Casa Cuba FAQs

The CASA Cuba Program offers students with a unique opportunity to have direct access to Cuba’s leading institution of higher learning, the University of Havana, and to Casa de las Américas, the Cuban government’s premier research institution since its founding in 1959.

Complete information is available here: Contact Professor Lisa Baldez, the Dartmouth faculty director, with any questions.


The main requirement is fluency in Spanish. Non-native speakers must have completed Spanish 20 or the equivalent.

When Can I Go?

The program runs twice a year for 15 weeks: late August to mid-December, and mid-January to mid-May.

The CASA program doesn’t overlap perfectly with Dartmouth terms; how does that work?

Fall term: students are required to leave for Havana a few days before the end of the summer term at Dartmouth. Students who go in the fall are generally “on” during sophomore summer and have to make arrangements to complete their coursework before they leave.

If you go in January, you will have to take one term “on” and one term “off.”

What Courses can I take?

Dartmouth students take courses at the CASA headquarters in Havana and at the University of Havana; most students opt to take a mix. You can access course descriptions and syllabi at (Scroll down to “Related Files” at the bottom).

The program also includes a week-long trip to Santiago de Cuba mid-semester and 2 weekend excursions.

How many students go on this program?

About 25-30 students participate in the program each term from a consortium of universities that includes Dartmouth as well as Brown, Columbia, Cornell, Harvard, Johns Hopkins, Northwestern, Trinity College Dublin, Penn, the University of Melbourne, and Vanderbilt.

Where will i live?

Students live together in apartments or with Cuban families; breakfast and dinner are provided.

Who oversees the program in Havana?

A Program Director and Associate Director oversee the program onsite.

How do I receive credits for this?

Before you leave for Cuba, you need to apply for transfer credits, administered through the Registrar’s Office.

The credits for the courses you take in Cuba will not automatically show up on your Dartmouth transcript; you need to apply for transfer credits.

Students may transfer up to a total of four credits to Dartmouth throughout their academic career.

Before you depart for Cuba, submit Transfer Credit Approval (Form 2)syllabi for the courses you plan to take in Cuba to [email protected].

You can get syllabi for the courses offered by CASA Cuba here. You can download syllabi from the University of Havana here. LALACS keeps past syllabi online here.

If you end up taking courses other than the ones for which you requested approval, just resubmit an application for transfer credit for those courses. You may do this through email.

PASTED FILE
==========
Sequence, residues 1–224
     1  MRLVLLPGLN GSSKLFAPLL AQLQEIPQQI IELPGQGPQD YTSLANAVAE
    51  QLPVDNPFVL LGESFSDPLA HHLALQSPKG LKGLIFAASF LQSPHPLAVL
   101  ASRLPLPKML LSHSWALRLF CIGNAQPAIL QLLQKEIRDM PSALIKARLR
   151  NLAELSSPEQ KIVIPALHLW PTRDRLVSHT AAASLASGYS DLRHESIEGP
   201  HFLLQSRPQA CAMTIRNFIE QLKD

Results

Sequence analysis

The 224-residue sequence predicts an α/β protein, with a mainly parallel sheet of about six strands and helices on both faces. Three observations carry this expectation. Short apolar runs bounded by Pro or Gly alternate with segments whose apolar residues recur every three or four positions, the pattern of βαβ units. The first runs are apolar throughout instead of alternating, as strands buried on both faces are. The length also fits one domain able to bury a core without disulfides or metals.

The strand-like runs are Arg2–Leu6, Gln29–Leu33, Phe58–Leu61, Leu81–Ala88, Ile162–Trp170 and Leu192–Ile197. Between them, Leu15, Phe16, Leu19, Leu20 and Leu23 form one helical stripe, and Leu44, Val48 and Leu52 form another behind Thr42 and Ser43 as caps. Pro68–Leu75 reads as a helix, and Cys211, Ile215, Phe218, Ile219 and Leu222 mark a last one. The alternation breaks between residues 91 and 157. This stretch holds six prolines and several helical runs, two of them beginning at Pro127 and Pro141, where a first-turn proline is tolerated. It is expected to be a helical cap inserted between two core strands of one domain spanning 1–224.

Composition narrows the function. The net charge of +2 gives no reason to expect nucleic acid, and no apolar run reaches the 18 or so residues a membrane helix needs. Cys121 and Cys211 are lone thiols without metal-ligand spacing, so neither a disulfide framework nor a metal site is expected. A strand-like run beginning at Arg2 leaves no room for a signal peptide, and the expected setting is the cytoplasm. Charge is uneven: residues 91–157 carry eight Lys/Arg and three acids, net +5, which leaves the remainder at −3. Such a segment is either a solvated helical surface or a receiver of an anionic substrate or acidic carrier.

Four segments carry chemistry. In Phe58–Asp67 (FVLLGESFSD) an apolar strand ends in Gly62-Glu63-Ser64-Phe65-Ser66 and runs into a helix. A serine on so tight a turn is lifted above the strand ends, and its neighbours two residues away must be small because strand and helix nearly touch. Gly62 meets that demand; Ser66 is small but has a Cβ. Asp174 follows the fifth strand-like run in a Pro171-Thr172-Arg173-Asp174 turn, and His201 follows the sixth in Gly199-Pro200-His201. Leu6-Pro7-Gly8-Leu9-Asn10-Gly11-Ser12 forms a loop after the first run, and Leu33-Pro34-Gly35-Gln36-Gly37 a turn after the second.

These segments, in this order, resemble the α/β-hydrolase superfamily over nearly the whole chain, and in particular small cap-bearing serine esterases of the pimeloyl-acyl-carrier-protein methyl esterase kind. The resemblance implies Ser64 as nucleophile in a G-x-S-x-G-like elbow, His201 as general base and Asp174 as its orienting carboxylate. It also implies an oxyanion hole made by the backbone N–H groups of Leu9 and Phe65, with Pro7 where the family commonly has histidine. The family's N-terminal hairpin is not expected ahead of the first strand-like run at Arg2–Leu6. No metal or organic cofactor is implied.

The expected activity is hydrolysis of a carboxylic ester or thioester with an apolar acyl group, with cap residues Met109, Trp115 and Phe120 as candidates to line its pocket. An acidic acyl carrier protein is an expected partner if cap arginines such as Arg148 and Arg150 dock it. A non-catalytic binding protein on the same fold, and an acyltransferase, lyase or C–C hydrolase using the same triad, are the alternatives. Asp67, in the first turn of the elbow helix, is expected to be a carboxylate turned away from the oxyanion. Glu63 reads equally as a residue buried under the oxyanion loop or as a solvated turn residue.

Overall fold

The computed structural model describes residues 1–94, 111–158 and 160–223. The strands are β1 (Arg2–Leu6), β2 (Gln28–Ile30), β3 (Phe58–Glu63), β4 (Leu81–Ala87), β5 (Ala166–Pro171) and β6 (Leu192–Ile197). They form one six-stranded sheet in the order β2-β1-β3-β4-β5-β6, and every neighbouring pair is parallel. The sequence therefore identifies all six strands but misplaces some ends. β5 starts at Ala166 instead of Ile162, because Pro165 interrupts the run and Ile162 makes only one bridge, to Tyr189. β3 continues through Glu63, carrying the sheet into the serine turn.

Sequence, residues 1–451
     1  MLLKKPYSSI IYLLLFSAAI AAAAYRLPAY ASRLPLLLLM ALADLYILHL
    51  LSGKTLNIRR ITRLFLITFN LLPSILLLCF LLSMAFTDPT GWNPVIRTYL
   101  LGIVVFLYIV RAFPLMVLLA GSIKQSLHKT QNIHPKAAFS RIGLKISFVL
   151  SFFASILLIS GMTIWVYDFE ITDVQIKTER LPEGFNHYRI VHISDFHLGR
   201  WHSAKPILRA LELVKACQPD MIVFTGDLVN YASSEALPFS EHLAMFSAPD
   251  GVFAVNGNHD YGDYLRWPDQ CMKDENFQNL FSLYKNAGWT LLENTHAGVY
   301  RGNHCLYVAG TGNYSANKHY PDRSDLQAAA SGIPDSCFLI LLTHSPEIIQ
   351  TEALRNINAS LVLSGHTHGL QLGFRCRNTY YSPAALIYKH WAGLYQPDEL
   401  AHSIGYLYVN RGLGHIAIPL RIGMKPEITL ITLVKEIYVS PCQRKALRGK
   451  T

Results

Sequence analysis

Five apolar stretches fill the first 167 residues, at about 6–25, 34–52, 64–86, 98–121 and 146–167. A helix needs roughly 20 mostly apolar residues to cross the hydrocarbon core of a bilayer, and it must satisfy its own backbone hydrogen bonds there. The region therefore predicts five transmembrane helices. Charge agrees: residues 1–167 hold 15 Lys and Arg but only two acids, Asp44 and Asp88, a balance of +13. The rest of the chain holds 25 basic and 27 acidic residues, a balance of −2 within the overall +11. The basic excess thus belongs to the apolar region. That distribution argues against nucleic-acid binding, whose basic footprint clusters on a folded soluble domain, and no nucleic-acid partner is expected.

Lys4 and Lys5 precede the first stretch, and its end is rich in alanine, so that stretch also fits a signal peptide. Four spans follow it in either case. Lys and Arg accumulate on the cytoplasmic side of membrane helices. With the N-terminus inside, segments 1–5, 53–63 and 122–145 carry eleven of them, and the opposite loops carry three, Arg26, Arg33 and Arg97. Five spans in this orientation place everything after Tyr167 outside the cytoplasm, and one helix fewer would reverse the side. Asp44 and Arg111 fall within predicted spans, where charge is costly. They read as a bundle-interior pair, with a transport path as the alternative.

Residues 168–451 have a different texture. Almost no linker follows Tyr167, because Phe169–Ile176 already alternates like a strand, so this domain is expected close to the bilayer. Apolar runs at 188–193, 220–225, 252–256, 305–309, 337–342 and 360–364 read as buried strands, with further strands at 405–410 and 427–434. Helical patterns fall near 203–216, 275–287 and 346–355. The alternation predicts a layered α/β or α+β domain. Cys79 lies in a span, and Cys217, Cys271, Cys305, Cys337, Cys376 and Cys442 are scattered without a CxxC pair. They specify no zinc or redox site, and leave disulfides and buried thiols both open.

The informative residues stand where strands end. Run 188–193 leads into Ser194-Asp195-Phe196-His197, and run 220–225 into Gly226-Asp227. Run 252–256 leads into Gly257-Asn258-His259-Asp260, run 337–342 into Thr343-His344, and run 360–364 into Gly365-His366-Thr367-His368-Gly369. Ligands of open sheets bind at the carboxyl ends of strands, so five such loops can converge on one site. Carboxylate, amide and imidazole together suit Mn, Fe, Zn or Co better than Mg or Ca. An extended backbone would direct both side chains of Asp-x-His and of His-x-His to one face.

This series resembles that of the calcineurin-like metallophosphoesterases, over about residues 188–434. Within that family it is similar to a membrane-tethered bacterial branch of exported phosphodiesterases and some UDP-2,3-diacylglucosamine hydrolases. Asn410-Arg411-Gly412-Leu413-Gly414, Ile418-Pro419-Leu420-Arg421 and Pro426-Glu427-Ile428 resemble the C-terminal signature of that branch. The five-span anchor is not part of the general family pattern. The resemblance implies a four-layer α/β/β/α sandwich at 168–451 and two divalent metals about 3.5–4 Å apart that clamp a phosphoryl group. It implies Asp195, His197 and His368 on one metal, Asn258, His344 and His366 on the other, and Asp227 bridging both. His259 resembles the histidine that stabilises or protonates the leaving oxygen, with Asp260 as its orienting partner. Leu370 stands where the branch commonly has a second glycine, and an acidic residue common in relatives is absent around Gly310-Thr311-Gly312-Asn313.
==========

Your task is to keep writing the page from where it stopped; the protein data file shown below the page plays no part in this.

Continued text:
After you have completed your term in Cuba, CASA Cuba will send the official transcripts for your courses to the Dartmouth Registrar’s Office, and they will record the credits on your Dartmouth transcript. They often send them several months after your return and the Registrar’s Office will inform you once the credits are posted.

You will get a letter grade from your Cuban professors, but Dartmouth records all transfer credits as TR, and these grades do not factor into your Dartmouth GPA.  Transfer credits can, however be used for distributive and world culture credit at Dartmouth, if approved by the relevant department or program.

Which departments or programs accept transfer credits for courses on this program?

LALACS will approve transfer credit for all courses that you take in Cuba.

The Spanish and Portuguese Department will approve up to two courses.

The Government Department will approve credit for US-Cuba Relations, upon completion of additional reading and an additional five-page paper.

The History Department will give credit for La Esclavitud, upon completion of the oral final for the course and the final paper, which must be 10 pages. (Note: The course’s syllabus allows students to do either an oral final or a paper of up to 10 pages.) The 10-page paper must be reviewed by Dartmouth faculty. You should submit a copy to the HIST Department vice-chair as well as to your professor in Cuba.

Comparative Literature will grant credit toward the major/minor for the course, Hispanoamerican Voices of the 21st Century.

To request approval from other departments or programs, submit the syllabus and the program information packet from CASA.